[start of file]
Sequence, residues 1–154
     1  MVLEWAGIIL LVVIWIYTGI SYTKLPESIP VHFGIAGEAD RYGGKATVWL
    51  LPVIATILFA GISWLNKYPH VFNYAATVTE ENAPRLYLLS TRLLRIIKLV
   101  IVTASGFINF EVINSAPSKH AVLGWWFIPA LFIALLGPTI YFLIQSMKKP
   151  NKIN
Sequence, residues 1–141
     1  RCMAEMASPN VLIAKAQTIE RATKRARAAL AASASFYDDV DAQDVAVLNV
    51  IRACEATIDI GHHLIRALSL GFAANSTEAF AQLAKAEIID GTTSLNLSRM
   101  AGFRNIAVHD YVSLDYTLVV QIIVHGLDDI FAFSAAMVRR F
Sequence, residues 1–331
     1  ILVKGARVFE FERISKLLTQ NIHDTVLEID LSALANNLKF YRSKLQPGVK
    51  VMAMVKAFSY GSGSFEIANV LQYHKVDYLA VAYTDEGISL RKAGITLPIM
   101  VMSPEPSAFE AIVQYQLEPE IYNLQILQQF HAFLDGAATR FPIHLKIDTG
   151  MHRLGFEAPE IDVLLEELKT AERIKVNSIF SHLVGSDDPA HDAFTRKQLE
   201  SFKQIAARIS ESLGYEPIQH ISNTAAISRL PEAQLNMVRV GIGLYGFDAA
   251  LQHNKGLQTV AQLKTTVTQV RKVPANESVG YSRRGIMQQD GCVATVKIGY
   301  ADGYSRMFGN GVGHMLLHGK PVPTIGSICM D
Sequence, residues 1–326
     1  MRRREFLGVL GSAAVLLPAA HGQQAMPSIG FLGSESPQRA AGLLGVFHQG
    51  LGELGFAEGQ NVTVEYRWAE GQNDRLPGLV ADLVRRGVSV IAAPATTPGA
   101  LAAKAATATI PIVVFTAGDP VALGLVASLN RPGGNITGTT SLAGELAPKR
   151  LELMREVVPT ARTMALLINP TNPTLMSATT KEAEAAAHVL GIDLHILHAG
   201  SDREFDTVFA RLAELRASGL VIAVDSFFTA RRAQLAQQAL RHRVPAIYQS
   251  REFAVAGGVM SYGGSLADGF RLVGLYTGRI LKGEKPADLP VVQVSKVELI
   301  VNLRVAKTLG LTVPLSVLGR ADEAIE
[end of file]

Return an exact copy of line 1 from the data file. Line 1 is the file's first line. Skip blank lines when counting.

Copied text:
Sequence, residues 1–154